Solomon with his skellington. Photo: BBC/The Apprentice
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The return of kosher chicken and oud: The Apprentice blog series 10, episode 9

Running around and fetching things is this week’s hard-nosed business challenge. And there are some old favourites.

WARNING: This blog is for people watching The Apprentice. Contains spoilers!

Read the episode 8 blog here.
 

This week’s “negotiating task” is the one veteran Apprentice viewers will have been most looking forward to. Because although it ostensibly is about shrewd haggling, it is in reality the highly enjoyable “find random unrelated items quickly, pointlessly eschewing public transport for black cabs in traffic” challenge, which often guarantees the series’ most idiotic moments.

And this one does not disappoint. We know it’s going to be a special episode because Alan Sugar actually turns up at the candidates’ house in the morning, rather than leading them somewhere unrelated to pose in two angry packs. This is because nothing says “bargaining is the backbone of business” like a little Labour lord pacing around the purple rug in your front room as you bounce down the stairs in full make-up and markedly unrumpled pyjamas.

Another sign that this episode will be a particular treat is that some of the items on the teams’ lists have deep poignancy in Apprentice history: kosher chicken – evoking the beautiful moment six years ago when self-proclaimed “good Jewish boy” Michael brought back a bird from a halal butcher instead – and oud, the “Arabian perfume” that confused the cocky Zee by turning out to be a mahogany stringed instrument.

Sinking to new depths. Photo: BBC/The Apprentice

Anyway. The teams choose their leaders: last week’s “nameless” Sanjay takes Summit, to show that he isn’t a mere passenger, and Daniel leads Tenacity, because the other team members hate him marginally less than the idea of a woman being in charge. Yes, poor Katie is stuck with the aggressive blunderer Daniel, overbearing manipulator Mark and bamboozled irrelevance Felipe for yet another task.

The two project managers have very different styles. Daniel wants very much to “smash this alive”, for example, whereas Sanjay wants his team to stay calmly in the office all morning, planning their route carefully for purchasing each item on the list. While this is sensible of Sanjay, it’s not really in the spirit of this task, which basically demands that contestants sit sweating in the back of a cab, crawling from Wimbledon to Tottenham, with only an A-Z and Yellow Pages to see them through.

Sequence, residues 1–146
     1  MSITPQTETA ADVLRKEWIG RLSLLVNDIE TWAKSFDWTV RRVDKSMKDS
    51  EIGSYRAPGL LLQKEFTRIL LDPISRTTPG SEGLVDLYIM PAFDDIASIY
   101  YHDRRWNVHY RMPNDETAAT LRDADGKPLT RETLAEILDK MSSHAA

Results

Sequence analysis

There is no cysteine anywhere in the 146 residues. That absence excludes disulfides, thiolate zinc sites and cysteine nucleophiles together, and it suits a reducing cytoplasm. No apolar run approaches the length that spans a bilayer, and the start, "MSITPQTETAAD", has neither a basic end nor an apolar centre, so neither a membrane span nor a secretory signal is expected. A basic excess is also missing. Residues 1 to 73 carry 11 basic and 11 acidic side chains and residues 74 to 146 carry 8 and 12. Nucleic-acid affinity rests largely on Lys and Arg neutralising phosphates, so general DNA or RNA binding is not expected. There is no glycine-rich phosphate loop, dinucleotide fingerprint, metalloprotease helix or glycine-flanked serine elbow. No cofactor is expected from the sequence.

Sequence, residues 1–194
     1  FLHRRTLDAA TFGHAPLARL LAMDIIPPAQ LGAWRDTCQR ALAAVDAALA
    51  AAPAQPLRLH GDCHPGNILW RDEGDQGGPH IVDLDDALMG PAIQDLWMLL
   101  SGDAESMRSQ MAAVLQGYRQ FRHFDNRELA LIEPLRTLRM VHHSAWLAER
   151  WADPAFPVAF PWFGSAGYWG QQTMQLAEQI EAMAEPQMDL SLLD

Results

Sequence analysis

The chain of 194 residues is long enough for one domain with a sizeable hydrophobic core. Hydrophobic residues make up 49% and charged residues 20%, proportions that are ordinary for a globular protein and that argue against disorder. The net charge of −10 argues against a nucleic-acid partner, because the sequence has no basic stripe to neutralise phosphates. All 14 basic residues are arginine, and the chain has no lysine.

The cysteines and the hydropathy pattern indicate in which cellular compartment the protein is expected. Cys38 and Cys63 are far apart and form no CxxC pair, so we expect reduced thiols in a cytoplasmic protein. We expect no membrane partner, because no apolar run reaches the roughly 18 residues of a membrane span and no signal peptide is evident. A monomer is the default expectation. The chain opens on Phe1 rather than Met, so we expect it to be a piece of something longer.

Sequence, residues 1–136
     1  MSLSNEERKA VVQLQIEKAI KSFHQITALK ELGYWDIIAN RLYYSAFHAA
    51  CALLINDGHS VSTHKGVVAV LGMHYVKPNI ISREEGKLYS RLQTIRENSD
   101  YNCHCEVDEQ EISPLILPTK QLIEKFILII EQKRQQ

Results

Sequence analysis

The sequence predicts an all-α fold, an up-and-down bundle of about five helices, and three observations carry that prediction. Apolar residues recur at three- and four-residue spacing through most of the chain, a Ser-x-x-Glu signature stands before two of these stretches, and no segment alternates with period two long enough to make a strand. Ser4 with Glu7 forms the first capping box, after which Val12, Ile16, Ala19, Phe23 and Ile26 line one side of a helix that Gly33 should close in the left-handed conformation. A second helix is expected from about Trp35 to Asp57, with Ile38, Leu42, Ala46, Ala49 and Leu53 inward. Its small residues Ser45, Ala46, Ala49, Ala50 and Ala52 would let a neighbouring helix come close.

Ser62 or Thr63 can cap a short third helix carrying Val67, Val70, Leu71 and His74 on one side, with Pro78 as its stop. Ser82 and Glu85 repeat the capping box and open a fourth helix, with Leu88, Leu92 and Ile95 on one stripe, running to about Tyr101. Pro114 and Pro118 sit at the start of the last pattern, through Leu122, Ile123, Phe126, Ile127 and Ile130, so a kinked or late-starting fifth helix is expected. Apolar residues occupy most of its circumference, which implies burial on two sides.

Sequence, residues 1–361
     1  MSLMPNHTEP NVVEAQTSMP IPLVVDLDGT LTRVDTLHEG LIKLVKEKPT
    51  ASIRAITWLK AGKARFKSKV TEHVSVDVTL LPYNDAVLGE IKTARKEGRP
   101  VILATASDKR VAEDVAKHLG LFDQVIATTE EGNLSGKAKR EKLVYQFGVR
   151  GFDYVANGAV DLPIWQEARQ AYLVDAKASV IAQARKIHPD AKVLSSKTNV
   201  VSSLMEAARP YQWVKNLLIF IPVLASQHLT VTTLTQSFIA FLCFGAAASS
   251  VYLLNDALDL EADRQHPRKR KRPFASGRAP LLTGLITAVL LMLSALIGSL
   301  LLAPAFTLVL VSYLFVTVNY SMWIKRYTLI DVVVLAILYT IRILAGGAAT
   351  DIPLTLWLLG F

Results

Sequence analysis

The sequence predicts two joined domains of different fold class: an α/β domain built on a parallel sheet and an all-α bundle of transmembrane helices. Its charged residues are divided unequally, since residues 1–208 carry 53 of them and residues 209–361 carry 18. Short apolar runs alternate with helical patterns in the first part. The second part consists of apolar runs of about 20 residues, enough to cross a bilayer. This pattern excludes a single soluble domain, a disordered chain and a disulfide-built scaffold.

The obligatory Jewish bit opens the mayhem, as a subtle soundtrack of Hava Nagila bounces along behind Daniel, who struts into a kosher butchers in Golders Green with a “Shalom” and a handshake. He bags the chicken, while Mark and Katie beg for a knackered-looking sink in a junkyard for a price their rival team swiftly beats them on, for an even more knackered-looking sink.

Roisin's diamond heist. Photo: BBC/The Apprentice

But it’s not all poultry and plumbing. Scallops are also required. “Fish and chip shops don’t sell scallops, do they?” asks Sanjay in his very own Peter Mandelson moment as they whizz by some fast-food places.

And even posher than that, diamonds must be purchased. This is where we all laugh incredulously at silly old Roisin because she starts ringing round independent jewellers, asking if they sell diamonds! Oh, Roisin. Such naiveté! As Karren Brady reminds us, with tired disdain, only “diamond dealers carry loose stones”.

It turns out Roisin’s shocking ignorance when it comes to diamond dealing doesn’t matter at all, as she manoeuvres the price of a diamond down from over £100 to £50. Agreeing to close the deal, the Hatton Garden trader informs her, “I like blonde women.” But surely not as much as he loves being completely ripped off and cheerily sexist on primetime television?

“You basically just stole that diamond off him,” giggles Sanjay as he and Roisin scramble off up the street with their cut-price stone.

A world away from Hatton Garden, Mark and Katie are wandering around a deserted council estate trying to find some oud. The oily rather than stringed kind this time. “It’s nothing like Sunderland,” says Katie, dazed. A man emerges from a stairwell with a tiny vial of oil. They buy it off him for £48. Good practice if ever Lord Sugar runs out of ideas and makes the candidates go drug dealing in broad daylight.

Bianca has a bone to pick with Solomon. Photo: BBC/The Apprentice

Solomon and Bianca are tasked with finding an anatomical skeleton. This ordeal is made tougher by the fact that Solomon can’t get his head round the pronunciation of anatomical, asking the shop-owner if they have any “antomological” models. They eventually find one, called Mike or Adam or something else standardly male only a scientist would be mad enough to name a skeleton, and eagerly purchase it after checking its teeth like a horse. Solomon throws the skellington over his soldiers, and they scamper off to find their next item.

The other team, guided by Felipe, buys a flatpack paper skeleton on the cheap. This leads to one of those immortal boardroom lines, like “I am the judge, jury and executioner” and “I like to see a lawyer punished” which could only ever make sense on The Apprentice or in a revenge tragedy:

“I asked you to get me a skeleton, you didn’t bring me a skeleton.”

The guide price and a fine is whacked onto the sorry box of flattened bones, and Daniel's team loses by about £50. 

So in an astute reference to The Law, Lord Sugar does an unorthodox third-person voice firing by telling Felipe: "Judge Sugar here says you're fired, Supreme Court Judge Sugar also agreed."

The question is, will Felipe take this decision all the way to European Court Judge Sugar?

Felipe plans his appeal. Photo: BBC/The Apprentice

Candidates to watch

Bianca

She's a bit negative, not enjoying Solomon playing happily with the skeleton, but she is quietly quite good.

Daniel

According to Felipe, this was "the time when Daniel became a man". Let's watch this closely, shall we?

Katie

When they shuffle the teams up next week, it's her chance to escape the awful bullish infighting in Team Tenacity.